We were very dismayed to learn that the scourge of rhino poaching had already extended its grim tentacles to the far-off reaches of Madikwe. Several of these amazing animals had already been killed in the reserve over the last couple of years or so. Like elsewhere, it is just about impossible to effectively protect these rather amiable behemoths against the lethal attention of intruders who slip in at night, stay clear of lodges and game drives, commit their murderous deeds and then disappear with their grizzly trophies in a sack. It is hardly more difficult than it would be hunting for cows.

Unless something is done soon to reduce or control the growing demand fro rhino horn it appears to me that the species has very little chance of surviving in viable numbers in the wild. There will always be small, heavily protected pockets of rhino here and there, but effectively the species will be lost to mankind, within the next 20 years.

It is a slowly unfolding tragedy of monumental proportion. It would be a stain on our collective conscience if this signature species – such as clear and distinctive link with the prehistoric past – were to disappear due to greed, ignorance and horrible mis-information and apathy.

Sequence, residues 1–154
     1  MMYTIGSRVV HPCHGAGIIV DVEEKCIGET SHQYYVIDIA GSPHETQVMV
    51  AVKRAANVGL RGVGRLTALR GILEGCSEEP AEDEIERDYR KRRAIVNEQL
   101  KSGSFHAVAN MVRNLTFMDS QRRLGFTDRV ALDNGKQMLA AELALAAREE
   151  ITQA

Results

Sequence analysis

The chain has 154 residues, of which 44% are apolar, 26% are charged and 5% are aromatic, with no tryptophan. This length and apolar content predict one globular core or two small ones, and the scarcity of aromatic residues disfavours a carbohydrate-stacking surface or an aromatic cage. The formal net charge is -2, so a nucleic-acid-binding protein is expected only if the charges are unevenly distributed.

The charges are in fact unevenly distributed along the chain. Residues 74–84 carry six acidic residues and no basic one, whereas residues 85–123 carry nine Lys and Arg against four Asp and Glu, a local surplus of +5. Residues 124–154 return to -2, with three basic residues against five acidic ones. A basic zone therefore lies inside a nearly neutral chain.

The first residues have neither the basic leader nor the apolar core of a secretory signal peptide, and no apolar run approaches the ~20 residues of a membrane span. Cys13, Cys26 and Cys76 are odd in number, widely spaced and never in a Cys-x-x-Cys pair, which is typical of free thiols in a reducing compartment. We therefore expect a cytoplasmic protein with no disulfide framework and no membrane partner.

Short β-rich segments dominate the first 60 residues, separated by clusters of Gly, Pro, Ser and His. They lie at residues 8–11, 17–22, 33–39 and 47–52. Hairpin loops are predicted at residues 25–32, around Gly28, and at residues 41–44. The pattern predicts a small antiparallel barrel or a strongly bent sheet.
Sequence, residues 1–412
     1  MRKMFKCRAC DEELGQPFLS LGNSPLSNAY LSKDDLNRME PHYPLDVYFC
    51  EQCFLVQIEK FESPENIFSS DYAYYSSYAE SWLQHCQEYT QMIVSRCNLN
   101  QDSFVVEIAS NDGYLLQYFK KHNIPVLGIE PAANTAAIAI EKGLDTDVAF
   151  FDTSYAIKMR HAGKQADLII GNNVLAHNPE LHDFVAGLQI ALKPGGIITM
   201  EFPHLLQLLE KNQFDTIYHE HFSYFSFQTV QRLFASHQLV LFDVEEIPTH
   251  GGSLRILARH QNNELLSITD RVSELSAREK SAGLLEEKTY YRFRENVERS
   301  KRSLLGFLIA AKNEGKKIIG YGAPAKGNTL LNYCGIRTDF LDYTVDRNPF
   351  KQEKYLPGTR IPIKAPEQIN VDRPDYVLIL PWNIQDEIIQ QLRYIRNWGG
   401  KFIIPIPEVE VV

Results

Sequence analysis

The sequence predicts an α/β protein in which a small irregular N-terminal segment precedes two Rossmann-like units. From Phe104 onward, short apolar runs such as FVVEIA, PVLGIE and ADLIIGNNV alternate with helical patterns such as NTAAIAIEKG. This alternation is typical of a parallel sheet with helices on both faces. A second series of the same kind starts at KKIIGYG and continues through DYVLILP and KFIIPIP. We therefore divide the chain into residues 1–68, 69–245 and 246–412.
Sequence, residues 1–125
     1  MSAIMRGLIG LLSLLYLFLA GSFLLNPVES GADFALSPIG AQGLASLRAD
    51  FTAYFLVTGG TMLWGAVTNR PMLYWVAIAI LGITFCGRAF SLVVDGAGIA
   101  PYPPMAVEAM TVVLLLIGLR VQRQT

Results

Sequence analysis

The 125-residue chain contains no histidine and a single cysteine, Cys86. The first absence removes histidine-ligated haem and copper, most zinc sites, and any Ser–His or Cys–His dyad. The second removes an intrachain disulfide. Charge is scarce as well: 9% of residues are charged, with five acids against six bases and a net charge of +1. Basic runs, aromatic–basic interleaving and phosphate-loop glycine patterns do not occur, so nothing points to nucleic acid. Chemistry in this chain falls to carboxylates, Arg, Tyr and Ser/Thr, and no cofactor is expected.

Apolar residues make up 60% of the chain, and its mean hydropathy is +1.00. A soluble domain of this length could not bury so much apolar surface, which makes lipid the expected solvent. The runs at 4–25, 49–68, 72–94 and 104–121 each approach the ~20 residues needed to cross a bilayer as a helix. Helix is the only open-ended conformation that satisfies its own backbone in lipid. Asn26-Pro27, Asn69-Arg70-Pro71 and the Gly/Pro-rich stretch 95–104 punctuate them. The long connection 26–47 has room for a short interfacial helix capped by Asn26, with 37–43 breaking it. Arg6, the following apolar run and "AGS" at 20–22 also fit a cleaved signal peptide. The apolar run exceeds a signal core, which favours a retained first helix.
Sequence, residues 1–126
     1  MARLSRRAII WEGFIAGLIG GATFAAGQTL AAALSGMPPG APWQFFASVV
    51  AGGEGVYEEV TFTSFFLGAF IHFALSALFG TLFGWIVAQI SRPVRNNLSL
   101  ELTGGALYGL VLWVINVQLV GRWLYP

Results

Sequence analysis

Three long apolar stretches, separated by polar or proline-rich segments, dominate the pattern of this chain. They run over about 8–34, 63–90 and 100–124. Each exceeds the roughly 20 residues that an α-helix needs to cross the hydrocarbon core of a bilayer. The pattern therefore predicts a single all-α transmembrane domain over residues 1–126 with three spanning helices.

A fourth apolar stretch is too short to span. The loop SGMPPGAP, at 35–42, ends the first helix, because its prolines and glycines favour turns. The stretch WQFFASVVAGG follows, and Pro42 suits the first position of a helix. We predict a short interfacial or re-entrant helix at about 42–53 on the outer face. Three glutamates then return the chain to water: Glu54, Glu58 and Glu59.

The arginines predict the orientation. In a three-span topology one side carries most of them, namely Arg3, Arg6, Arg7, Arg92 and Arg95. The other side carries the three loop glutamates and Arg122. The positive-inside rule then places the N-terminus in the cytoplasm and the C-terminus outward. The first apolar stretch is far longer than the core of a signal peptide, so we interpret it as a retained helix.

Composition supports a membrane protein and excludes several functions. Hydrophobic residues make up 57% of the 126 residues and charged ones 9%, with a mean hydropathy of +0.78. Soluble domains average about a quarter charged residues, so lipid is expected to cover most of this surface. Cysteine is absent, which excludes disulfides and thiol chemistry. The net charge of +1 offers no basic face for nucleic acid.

This evening Kathy and I were treated to a private dinner in the wine cellar at Mateya. Just the two of us sitting side by side with some 4000 bottles of wine spanning 3 sides of the room, right in front of us and to our left and right. Our attendant Connies was keen to show us some of Ms. Mathis most prized French wines, including several splendid Bordeaux, some from the Pauillac region, a Chateau Mouton Rothschild and many others. With our meal – Kathy had a steak with peppercorn sauce and my special meal was a medley of quinoa and red beans with fresh vegetables – we enjoyed a ne Pinot Noir. It was a tting end to a lovely stay at Madikwe.

June 9 _ Johannesburg